Blog Post

DO NOT UPGRADE YOUR HARDY BOXES

I just learned the hard way. I updated all 3 about 15 minutes ago, and lets just say, none of them work. I can get to TTY, but can’t log in. malloc this and malloc that everywhere.

Thank God for my Foresight install! Otherwise, like I just told Ken Vandine, if it weren’t for Foresight, I would be watching TV right now :p So I guess while I have Foresight up and running, KDE 4.0.2 as well baby, I might as well work on some Foresight bugs now.

Talk about irritating, I was working on my 5-a-day and my really-fix-its. Now I will work on a small https issue, some rebranding for Foresight KDE 4, and maybe even some documentation. Get ready Ken, here I come! Prepare to upload πŸ™‚

/me ssh’s into Og’s box and does ‘sudo conary update group-kde-dist’

This entry was posted in Personal. Bookmark the permalink. Post a comment or leave a trackback: Trackback URL.
  • ramil

    too late for me πŸ™
    yes i just updated my hardy 5 minutes ago and it is now dead. i am typing this from a live cd boot and reinstalling gutsy.

  • ramil, gah, that sucks….You and I aren’t the only ones. There is some twitter traffic complaining about the same thing. libc6 issue obviously. I am hoping that I will be able to fix it when libc6 gets fixed. It will have to be from a live cd, because I cannot log in at all. If it comes down to me having to format and reinstall, I will be super pissed. I have had Kubuntu on my laptop for 2 years now w/o having to reformat or reinstall, I have been dist-upgrading since Dapper and I don’t want to lose that. If I do, then I don’t know what route I will go with a new install unfortunately.

  • Francois Rigaut

    Thanks a lot for the warning !
    I’ll wait for a few days for this bad bug to be fixed (I hope they’ve pull out the faulty updates already though).

  • Erik AndrΓ©n

    I just upgraded my box when I saw this.
    There goes the work on my commute…

  • I didn’t have a problem with all 296 updates earlier today. All went well reboot was required and rebooted fine for me.

  • Umm… got any bugs to track? I’ve updated hardy a few times today. What broke?

  • Felker

    No problems here; I just upgrade Hardy and everything works.

  • I guess it must be due to https://bugs.launchpad.net/ubuntu/+source/glibc/+bug/201673

    Fortunately, it’s been repealed (the binary packages are 403ing).

  • I added some comments to the related bug, I hope it will help.

  • ak

    I have always wondered if anybody tests these things before they reach the repos. Surely it would take just 1 minute to spot this terrible bug and save us from the disaster. Yet they seem to refuse to add minor software updates (updated pidgin for example) for ‘stability sake’.

    If you ask me, bugs like this one is not acceptable, even on alpha stage. Not in linux-world. More so when preventing it only requires 30 seconds and a pair of working eyeballs.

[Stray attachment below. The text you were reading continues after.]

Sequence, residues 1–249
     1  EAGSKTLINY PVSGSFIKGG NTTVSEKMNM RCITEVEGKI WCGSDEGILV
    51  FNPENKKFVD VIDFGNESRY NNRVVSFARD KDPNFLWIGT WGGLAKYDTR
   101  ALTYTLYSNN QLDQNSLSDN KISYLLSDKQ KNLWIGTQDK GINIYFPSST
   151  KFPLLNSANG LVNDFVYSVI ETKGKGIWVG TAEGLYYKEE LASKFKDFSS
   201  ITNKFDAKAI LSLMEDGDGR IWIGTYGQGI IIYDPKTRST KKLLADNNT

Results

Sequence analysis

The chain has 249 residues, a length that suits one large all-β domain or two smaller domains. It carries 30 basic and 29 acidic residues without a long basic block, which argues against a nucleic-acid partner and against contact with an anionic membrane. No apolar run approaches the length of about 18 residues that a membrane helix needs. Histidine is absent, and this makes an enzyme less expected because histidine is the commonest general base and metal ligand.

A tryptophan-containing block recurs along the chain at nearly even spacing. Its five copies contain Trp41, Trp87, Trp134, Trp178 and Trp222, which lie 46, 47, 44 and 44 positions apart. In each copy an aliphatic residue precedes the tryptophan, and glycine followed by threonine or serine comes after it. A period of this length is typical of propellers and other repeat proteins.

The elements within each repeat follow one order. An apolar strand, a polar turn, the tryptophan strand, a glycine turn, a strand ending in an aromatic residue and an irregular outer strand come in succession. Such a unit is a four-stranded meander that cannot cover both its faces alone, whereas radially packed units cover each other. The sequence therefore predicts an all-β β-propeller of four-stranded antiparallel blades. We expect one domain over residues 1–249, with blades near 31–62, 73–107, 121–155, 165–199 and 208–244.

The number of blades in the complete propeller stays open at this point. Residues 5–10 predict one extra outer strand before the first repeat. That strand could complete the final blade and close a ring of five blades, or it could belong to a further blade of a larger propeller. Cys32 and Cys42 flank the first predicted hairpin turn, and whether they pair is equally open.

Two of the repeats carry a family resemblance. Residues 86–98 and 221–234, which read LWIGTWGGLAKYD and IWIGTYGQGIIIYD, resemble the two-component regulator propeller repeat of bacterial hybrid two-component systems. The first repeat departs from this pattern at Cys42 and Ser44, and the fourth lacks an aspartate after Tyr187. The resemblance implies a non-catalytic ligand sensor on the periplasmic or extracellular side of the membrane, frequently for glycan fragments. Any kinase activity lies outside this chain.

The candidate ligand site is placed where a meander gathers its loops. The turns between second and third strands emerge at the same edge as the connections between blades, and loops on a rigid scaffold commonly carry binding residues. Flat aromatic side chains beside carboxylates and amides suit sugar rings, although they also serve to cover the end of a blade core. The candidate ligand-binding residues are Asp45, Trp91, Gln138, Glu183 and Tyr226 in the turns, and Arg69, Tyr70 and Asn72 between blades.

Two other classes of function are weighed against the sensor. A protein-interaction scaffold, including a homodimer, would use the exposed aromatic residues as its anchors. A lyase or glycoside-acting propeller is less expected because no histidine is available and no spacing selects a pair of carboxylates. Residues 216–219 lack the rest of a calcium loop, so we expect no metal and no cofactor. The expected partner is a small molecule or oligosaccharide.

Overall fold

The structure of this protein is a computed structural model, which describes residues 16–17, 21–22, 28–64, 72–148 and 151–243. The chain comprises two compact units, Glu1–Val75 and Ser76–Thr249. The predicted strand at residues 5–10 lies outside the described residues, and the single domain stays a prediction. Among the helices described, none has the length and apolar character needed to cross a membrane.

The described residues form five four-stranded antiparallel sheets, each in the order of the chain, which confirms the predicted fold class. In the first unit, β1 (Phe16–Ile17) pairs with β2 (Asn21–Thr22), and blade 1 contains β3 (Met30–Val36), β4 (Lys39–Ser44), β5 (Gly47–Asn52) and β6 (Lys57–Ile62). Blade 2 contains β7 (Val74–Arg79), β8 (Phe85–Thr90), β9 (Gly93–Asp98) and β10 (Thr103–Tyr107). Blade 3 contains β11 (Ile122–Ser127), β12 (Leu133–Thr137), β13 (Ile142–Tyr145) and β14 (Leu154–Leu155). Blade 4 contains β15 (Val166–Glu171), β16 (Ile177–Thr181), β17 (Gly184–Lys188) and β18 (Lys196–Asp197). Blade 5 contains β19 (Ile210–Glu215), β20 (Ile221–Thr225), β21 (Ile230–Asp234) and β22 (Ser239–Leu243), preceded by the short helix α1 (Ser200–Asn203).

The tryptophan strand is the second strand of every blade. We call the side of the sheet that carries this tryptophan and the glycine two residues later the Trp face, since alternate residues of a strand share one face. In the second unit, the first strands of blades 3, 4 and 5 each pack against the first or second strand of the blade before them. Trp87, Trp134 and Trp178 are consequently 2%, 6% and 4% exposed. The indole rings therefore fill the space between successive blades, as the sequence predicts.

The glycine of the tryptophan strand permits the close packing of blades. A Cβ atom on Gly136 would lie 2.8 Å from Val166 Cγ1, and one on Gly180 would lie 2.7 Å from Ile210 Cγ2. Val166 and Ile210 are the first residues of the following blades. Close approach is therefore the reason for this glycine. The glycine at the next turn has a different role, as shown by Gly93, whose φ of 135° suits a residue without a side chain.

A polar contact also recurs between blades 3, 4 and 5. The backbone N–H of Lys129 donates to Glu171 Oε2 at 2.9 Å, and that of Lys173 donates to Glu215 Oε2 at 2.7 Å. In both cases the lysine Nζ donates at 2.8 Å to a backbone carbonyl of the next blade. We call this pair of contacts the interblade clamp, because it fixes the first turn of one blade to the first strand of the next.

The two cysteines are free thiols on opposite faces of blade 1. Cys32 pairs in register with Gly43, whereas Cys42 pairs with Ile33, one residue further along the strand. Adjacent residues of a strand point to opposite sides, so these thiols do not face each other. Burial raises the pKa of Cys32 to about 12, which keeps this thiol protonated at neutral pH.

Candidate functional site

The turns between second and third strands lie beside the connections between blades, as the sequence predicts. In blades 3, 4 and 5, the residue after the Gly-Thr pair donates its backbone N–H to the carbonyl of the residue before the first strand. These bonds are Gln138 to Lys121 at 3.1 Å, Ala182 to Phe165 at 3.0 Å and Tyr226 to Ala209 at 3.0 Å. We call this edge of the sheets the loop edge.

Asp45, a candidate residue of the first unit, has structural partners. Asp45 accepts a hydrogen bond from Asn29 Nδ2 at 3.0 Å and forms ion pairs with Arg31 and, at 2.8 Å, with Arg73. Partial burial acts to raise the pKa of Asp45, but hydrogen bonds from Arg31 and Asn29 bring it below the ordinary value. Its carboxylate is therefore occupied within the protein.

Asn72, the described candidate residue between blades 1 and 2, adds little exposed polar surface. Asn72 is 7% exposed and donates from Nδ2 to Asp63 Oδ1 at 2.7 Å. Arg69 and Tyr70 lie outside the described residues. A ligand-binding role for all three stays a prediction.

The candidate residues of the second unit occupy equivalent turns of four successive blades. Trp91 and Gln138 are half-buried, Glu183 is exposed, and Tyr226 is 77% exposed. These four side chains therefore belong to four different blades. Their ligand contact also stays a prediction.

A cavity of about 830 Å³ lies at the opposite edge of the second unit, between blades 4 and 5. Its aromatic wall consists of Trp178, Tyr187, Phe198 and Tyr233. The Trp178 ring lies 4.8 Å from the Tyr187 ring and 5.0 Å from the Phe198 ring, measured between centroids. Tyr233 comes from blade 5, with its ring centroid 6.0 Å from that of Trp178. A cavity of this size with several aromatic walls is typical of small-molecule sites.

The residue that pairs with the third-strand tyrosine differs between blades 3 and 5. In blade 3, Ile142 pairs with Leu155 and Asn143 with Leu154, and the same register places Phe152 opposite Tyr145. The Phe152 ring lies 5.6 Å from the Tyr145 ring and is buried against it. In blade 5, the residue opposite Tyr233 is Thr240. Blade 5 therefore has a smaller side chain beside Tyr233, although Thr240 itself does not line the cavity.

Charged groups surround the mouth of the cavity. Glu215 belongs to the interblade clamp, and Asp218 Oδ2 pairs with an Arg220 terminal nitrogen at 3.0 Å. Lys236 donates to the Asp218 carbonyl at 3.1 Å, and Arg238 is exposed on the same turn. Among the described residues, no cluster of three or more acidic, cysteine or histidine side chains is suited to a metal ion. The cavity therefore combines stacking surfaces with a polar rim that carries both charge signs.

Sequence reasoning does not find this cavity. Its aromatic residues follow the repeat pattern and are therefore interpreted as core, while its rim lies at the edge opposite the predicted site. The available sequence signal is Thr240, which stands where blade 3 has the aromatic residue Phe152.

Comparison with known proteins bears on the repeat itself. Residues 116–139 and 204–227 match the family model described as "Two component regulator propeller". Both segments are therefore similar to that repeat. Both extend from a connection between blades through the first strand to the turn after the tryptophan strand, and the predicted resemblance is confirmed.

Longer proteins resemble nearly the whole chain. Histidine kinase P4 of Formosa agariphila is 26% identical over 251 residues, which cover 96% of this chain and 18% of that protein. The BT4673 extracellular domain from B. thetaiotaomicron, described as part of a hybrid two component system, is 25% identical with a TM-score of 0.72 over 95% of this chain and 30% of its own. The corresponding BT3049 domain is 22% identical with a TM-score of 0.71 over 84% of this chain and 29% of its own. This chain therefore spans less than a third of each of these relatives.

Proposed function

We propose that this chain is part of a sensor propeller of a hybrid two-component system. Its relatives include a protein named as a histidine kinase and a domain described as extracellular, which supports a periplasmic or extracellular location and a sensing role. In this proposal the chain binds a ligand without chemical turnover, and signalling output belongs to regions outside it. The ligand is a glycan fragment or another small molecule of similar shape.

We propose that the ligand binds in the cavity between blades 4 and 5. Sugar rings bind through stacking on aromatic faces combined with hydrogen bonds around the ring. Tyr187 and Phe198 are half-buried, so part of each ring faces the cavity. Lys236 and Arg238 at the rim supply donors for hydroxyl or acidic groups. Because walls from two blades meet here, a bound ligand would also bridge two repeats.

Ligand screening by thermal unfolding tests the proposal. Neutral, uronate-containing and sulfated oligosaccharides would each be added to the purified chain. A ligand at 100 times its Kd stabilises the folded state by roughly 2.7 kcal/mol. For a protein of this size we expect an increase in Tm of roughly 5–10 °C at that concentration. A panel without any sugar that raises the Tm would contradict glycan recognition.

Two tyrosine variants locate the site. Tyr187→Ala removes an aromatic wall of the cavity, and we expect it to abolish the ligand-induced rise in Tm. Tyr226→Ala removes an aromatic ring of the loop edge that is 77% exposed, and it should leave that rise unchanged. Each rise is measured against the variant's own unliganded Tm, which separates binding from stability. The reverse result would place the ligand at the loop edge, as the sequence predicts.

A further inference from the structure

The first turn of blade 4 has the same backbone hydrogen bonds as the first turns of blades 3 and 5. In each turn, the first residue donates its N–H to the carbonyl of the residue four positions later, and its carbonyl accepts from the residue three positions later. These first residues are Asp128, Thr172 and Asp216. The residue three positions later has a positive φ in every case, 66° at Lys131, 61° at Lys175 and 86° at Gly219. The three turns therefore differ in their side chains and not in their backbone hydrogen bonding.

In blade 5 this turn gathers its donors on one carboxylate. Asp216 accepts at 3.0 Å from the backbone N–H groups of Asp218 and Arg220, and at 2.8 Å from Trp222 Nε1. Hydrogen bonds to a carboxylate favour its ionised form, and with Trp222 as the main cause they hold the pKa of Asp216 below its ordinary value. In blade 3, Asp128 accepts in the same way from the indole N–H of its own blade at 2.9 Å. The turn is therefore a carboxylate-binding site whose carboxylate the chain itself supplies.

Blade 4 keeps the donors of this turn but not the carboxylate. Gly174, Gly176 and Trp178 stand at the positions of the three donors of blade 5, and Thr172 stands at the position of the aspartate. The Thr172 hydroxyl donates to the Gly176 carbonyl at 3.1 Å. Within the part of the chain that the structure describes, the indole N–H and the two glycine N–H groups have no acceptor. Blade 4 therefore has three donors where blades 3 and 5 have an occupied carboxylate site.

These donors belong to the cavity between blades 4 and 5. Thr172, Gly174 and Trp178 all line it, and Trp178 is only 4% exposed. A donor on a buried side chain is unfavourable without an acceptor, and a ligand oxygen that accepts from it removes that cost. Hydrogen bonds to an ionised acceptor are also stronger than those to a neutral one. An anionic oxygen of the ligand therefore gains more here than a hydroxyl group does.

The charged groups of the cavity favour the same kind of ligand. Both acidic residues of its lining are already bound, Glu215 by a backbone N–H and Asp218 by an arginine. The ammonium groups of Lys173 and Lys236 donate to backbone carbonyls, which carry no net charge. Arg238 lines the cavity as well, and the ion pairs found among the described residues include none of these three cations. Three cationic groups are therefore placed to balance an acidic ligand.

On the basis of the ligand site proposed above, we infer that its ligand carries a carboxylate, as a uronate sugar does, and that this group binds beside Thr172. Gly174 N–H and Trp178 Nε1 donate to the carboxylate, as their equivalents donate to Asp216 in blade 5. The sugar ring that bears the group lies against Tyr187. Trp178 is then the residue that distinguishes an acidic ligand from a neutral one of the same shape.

• novatech

    is it safe to upgrade now?

  • @ak,

    Alpha by definition is unstable right? People have faced repeated crashes, unbootable systems while testing alpha releases. How is this different?
    And if you read other comments, not everyone has faced the problem. Which is strong suggestion that uploader might not have faced the problem when he tested the package. Just because you wonder ‘if anyone tests it’ does not mean that ‘no one test packages before upload’.

    By the way why are you confusing ‘refusal to upload new verson for stability sake’ with this one?

  • Jonas

    You know, this bug and the kernel update a few days ago that broke sound for everyone makes me wonder how packages are tested…sure, it’s an alpha but still. If bugs affects so many system that it effectively is universal in scope one has to wonder if someone bothered to install it on even one test-system and rebooting before it was pushed into the repos.

    Honestly, it almost sounds as if it was assumed it would be working.

  • She’s steamin’ along fine for me.

  • ak

    Onkar, it seems that Jonas understands what I’m talking about.

    When a bug has a hit rate of 80% (maybe more) it really makes me wonder if it was even tested once. I know what Alpha means, but I have come to expect more of Linux, even in development stages. I didn’t ask for everything to be perfect. I’m not crying foul every time some dependencies get screwed. But this is not your average dependency-bug. This one completely and utterly kills just about everything. So, my question I think is valid. A bug like this reaching the repos makes you wonder how much it was tested, if at all. Doom’s-day warning signs are no substitute for lack of even-the-slightest preparation/testing. I feel that with a tiny bit more effort put in testing, everything would be okay now. “Alpha” doesn’t mean “no quality control.” Maybe in Windows it does. Not in Linux.